Not for Export: The Failure of Australia’s Extraterritorial Processing Regime in Papua New Guinea and the Decision of the PNG Supreme Court in Namah (2016)
31 Pages Posted: 30 Aug 2017
Date Written: 2016
The so-called ‘Pacific Solution’ operated by successive Australian governments to deal with refugee boat arrivals has been the subject of domestic and international criticism. It is, however, now an arrangement which certain other countries are looking to as a possible model to emulate. The viability of a key component of Australia’s extraterritorial processing and detention regime has been called into question by the 2016 decision of the PNG Supreme Court in Namah v Pato. The Court, in a unanimous decision of five judges, held that detention of refugees and asylum seekers in the Australian-funded centres in that country was unconstitutional under the right to liberty set out in the PNG Constitution. This paper will analyse the decision of the Supreme Court in Namah and demonstrate the failure of the Australian extraterritorial regime in PNG. Furthermore, it will argue that the PNG experiment should not be viewed as an isolated event that is unique to the choice of PNG as an extraterritorial processing site. Rather, the number of legal challenges, the criticism of the extraterritorial processing regime from numerous national and international bodies, and the political tensions caused in PNG and Australia are illustrative of the unsustainability of extraterritorial models more generally as a means of addressing refugee flows. Australia’s approach is no solution to the growing displacement of people globally and should not be seen as an attractive option by any state tackling large numbers of people seeking its protection. The only real viable option for Australia now is to transfer refugees from Manus Island back to Australia and to offer the men a durable solution in its own territory.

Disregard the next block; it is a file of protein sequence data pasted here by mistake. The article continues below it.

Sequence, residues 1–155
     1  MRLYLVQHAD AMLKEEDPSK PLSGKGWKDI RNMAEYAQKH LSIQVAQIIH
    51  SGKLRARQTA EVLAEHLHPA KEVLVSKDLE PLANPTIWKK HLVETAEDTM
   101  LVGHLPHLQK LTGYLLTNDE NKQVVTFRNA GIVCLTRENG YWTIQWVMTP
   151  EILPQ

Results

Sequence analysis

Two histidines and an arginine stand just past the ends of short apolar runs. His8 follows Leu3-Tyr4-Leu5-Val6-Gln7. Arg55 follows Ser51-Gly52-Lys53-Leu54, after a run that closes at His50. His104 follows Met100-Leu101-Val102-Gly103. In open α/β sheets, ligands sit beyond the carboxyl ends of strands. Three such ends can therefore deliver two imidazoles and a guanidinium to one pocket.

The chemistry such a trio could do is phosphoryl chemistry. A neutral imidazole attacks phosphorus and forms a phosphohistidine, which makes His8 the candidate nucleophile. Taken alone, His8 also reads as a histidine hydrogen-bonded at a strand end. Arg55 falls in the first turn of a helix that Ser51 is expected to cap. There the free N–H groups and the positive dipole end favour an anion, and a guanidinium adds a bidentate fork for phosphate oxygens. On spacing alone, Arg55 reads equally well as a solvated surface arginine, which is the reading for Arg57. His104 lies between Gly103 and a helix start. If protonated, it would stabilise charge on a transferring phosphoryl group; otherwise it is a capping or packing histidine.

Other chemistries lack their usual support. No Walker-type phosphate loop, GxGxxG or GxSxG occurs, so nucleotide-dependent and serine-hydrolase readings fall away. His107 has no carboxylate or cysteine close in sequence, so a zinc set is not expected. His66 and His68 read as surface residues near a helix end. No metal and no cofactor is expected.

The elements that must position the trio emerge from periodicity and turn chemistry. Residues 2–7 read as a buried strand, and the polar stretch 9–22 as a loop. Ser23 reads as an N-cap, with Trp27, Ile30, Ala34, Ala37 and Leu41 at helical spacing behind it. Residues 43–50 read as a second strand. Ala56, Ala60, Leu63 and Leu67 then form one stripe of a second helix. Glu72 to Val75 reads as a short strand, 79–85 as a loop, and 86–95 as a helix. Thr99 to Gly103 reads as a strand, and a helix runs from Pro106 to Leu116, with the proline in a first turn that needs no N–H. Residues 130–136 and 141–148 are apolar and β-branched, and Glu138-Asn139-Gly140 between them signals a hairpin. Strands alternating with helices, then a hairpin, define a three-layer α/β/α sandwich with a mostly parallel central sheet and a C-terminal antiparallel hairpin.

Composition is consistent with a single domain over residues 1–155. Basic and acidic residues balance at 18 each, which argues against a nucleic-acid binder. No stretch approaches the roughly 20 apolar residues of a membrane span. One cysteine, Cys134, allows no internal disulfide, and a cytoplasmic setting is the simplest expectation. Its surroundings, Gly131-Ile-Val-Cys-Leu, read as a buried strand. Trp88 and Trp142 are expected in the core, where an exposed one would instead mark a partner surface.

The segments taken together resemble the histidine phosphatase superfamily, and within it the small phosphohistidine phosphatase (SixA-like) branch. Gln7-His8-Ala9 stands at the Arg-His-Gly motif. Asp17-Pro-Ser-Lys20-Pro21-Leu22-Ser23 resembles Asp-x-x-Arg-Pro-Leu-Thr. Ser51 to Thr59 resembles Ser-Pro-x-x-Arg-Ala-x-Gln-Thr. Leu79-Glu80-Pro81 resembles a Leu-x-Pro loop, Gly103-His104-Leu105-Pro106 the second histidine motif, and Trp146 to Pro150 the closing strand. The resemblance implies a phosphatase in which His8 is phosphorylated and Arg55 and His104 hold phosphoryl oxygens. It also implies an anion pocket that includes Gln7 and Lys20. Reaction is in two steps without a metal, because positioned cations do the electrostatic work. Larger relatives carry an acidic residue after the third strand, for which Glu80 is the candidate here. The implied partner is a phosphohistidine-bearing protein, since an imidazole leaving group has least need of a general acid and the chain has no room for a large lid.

Keywords: refugees; asylum; human rights; PNG; Manus; extraterritorial; border protection
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